Leukocytes mediate disease pathogenesis in the Ndufs4(KO) mouse model of Leigh syndrome

Julia C Stokes, Rebecca L Bornstein, Katerina James, Kyung Yeon Park, Kira A Spencer, Katie Vo, John C Snell, Brittany M Johnson, Philip G Morgan, Margaret M Sedensky, Nathan A Baertsch, Simon C Johnson

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21 Citations (Scopus)
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Symmetric, progressive, necrotizing lesions in the brainstem are a defining feature of Leigh syndrome (LS). A mechanistic understanding of the pathogenesis of these lesions has been elusive. Here, we report that leukocyte proliferation is causally involved in the pathogenesis of LS. Depleting leukocytes with a colony-stimulating factor 1 receptor inhibitor disrupted disease progression, including suppression of CNS lesion formation and a substantial extension of survival. Leukocyte depletion rescued diverse symptoms, including seizures, respiratory center function, hyperlactemia, and neurologic sequelae. These data reveal a mechanistic explanation for the beneficial effects of mTOR inhibition. More importantly, these findings dramatically alter our understanding of the pathogenesis of LS, demonstrating that immune involvement is causal in disease. This work has important implications for the mechanisms of mitochondrial disease and may lead to novel therapeutic strategies.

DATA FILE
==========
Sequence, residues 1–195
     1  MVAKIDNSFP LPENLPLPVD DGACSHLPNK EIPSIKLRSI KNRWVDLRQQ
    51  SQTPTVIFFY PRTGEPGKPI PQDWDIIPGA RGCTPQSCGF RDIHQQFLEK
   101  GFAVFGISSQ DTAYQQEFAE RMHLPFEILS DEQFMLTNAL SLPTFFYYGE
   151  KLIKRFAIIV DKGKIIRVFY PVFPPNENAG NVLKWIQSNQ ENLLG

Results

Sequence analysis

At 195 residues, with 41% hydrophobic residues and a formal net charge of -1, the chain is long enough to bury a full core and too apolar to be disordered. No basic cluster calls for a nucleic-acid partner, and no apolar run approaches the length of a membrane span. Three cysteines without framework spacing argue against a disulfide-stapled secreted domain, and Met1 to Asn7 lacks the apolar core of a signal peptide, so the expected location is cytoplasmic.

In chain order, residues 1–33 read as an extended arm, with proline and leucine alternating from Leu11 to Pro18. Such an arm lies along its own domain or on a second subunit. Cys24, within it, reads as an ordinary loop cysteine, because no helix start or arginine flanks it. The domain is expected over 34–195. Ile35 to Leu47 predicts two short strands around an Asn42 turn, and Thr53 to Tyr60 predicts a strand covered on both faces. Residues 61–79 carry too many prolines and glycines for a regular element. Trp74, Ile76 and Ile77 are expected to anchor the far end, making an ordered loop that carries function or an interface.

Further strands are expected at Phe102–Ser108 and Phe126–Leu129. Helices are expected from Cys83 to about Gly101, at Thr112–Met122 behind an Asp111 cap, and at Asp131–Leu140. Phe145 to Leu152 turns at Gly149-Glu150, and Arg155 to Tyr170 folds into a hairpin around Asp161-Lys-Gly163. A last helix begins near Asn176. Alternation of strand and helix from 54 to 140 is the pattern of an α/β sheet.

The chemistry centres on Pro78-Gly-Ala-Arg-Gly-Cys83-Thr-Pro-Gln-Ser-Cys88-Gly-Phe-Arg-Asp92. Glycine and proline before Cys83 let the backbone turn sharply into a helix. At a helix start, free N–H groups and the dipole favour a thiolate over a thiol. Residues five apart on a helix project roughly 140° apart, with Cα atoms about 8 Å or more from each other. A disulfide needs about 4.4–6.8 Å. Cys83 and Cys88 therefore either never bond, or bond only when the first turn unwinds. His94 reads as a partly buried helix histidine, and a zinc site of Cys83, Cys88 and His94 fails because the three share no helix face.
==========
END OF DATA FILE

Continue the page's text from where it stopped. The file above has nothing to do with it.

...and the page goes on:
Original languageEnglish
Article numbere156522
Number of pages14
JournalJCI insight
Issue number5
Publication statusPublished - 8 Mar 2022
Externally publishedYes


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